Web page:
--U.S. Sens. Chuck Schumer and Kirsten Gillibrand have asked the EPA to expedite designating Hoosick Falls a Superfund site.

--An engineering firm project manager pleaded guilty in a scheme targeting homeowners trying to collect federal flood insurance money for Hurricane Sandy damage.

--EDITORIAL: Gov. Andrew Cuomo is waging war on the state's energy by closing Indian Point, the New York Post's editorial board writes.

--ICYMI: A possible carcinogen was detected at low levels in Long Island drinking water, Newsday reports.

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CLEAN COAL ONLINE - Washington Post's Chris Mooney: "The first large scale U.S. 'clean coal' facility was declared operational Tuesday - by the large energy firm NRG Energy and JX Nippon Oil & Gas Exploration Corp."

WHITE HOUSE WANTS GEOENGINEERING STUDIES - The New York Times' Henry Fountain: "A White House road map for federally funded climate research has for the first time recommended research into geoengineering, the concept of intervening in nature to slow or reverse global warming.'"

BEES IN DANGER - USA Today's Doyle Rice: "A bumblebee is now on the endangered species list for the first time in a 'race against extinction,' the U.S. Fish and Wildlife Service announced Tuesday."

ETHICS OFFICIALS CLEAR PRUITT - The Associated Press' Michael Biesecker: "Federal ethics officials have cleared President-elect Donald Trump's nominee for the Environmental Protection Agency to be confirmed by the Senate."

BUSINESSES URGE TRUMP TO PROTECT PARIS ACCORD - POLITICO's Matthew Nussbaum: A group of 600 businesses, including some of the country's leading technology companies, is calling on President-elect Donald Trump to adhere to the Paris climate agreement and pursue policies to mitigate the risks of climate change.

STEYER PLANS GREEN ATTACK - POLITICO's Andrew Restuccia: Environmentalist Tom Steyer is laying plans to put his vast wealth to work to "activate a resistance" to President-elect Donald Trump and the Republican Congress.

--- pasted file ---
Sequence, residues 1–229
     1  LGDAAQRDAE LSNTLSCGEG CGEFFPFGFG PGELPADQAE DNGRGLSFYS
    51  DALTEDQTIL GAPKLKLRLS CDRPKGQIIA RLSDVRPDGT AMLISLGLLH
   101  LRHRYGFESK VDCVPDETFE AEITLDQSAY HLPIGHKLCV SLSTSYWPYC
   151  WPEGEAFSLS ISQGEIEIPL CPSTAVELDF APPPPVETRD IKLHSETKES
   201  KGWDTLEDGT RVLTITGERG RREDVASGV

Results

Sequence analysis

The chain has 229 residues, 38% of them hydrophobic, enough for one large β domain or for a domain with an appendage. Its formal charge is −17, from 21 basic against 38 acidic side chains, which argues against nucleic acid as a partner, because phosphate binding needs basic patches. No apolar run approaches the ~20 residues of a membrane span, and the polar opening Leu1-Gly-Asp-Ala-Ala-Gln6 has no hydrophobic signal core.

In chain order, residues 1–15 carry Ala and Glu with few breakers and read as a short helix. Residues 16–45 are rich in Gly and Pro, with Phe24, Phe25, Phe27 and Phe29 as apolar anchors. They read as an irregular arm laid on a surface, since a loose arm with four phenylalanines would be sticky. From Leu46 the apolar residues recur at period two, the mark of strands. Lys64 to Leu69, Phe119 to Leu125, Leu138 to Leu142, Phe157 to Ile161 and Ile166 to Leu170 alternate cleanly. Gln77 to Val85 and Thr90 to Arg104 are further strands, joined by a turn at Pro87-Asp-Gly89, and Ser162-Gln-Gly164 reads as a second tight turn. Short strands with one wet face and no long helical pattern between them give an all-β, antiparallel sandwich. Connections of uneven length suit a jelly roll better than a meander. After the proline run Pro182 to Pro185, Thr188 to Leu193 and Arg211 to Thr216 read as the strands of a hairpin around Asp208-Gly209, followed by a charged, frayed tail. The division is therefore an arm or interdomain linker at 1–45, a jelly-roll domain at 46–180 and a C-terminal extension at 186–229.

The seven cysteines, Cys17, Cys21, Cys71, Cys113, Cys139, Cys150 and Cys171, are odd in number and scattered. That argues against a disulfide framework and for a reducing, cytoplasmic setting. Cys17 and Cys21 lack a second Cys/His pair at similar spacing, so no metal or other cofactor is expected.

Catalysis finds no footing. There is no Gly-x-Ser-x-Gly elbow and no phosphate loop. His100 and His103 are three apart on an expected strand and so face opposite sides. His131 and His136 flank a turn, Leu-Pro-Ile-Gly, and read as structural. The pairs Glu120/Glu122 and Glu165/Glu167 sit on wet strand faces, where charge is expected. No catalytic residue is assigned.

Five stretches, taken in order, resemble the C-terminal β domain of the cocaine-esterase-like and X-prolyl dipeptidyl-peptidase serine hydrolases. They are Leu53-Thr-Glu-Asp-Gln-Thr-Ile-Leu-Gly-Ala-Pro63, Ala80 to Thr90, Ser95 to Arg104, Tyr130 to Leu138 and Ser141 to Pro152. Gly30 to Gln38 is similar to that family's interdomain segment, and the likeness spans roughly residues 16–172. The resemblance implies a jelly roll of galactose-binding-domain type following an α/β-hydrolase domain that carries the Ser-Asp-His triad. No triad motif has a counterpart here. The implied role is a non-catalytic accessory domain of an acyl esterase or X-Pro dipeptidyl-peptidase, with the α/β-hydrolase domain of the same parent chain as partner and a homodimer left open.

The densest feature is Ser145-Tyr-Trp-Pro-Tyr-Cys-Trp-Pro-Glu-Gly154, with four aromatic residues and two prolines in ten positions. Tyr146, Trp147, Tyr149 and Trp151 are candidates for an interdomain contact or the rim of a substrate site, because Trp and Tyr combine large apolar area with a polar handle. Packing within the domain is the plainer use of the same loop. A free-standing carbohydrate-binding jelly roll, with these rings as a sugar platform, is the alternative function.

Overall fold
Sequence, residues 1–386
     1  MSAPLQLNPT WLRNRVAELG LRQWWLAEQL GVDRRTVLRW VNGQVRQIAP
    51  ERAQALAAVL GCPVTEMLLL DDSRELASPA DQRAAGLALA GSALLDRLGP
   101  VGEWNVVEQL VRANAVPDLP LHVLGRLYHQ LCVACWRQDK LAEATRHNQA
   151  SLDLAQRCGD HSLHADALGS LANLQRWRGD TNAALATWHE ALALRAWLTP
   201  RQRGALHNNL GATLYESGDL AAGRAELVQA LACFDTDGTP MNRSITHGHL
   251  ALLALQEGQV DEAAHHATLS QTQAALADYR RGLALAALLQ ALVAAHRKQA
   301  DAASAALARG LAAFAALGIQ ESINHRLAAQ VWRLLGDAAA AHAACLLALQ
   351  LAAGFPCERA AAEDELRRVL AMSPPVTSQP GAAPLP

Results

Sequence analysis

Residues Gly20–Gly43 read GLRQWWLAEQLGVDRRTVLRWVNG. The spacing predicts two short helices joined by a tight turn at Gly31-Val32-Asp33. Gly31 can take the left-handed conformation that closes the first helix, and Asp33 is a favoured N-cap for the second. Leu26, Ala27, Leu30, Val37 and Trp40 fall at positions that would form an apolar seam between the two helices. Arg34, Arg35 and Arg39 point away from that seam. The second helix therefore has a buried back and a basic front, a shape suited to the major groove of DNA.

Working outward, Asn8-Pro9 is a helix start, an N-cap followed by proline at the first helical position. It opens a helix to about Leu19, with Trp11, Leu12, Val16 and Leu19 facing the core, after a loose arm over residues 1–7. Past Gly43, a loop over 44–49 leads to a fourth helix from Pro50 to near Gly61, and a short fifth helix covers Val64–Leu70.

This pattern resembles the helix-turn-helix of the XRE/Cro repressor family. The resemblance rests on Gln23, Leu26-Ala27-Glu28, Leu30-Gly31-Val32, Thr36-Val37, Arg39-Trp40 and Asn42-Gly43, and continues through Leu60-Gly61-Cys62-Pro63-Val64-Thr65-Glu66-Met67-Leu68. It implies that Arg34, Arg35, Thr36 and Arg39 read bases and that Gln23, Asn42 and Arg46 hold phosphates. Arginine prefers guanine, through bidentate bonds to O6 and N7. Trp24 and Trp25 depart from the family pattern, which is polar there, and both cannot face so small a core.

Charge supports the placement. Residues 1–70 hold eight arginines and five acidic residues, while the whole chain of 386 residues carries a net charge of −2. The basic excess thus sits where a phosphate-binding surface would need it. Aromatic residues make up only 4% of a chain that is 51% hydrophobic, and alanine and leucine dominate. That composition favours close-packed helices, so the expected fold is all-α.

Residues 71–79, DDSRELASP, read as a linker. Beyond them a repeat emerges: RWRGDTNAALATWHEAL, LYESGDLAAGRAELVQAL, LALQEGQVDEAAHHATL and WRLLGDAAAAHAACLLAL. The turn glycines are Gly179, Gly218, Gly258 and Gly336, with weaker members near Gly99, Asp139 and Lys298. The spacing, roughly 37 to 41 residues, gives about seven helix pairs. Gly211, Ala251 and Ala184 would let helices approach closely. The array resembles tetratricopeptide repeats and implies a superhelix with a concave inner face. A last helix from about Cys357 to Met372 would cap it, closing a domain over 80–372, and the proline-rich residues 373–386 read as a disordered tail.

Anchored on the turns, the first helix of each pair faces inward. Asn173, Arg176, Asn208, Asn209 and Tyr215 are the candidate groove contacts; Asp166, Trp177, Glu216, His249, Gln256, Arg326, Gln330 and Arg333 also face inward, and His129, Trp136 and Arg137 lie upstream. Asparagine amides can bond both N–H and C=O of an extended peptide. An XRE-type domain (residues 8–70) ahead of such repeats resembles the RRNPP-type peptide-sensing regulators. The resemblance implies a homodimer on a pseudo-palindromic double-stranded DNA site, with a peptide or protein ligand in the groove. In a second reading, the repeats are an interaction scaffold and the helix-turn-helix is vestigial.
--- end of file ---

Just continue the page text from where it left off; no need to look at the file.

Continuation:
VW IN TALKS TO PAY $4.3B FOR EMISSIONS - The Financial Times' David J Lynch and Patrick McGee: "Volkswagen said on Tuesday it was in advanced talks to pay $4.3 billion in penalties and plead guilty to criminal charges to settle with the US Department of Justice over the German carmaker's diesel emissions scandal. The company would also be subject to supervision by an independent monitor for the next three years."

OIL DISCOVERIES PICK UP - Bloomberg's Mikael Holter: "The amount of oil discovered last year was the lowest since the 1950s as explorers slashed spending amid the worst downturn in a generation, according to Wood Mackenzie. The good news: It can probably only get better from here."

SENATORS INTRODUCE BILL TO PREVENT GRID CYBERATTACK - POLITICO's Tim Starks: A bipartisan group of senators [on Tuesday] reintroduced legislation mandating a study of how to make the electricity grid less connected as a way of bolstering its defenses against cyberattacks.

RUSSIA'S ANTI-FRACKING AGENDA - Bloomberg's Eric Roston: "Energy politics makes strange bedfellows, none stranger than Robin Hood and Russian President Vladimir Putin. RT, a media organization that the U.S. intelligence community calls 'the Kremlin's principal international propaganda outlet,' published an article on Jan. 2 under the unlikely headline: 'Robin Hood's Sherwood Forest hideout under threat from frackers.'"


--Oil fell again as OPEC output increased, the Wall Street Journal reports.

--Natural gas rebounded on reports of cold weather, the Journal reports.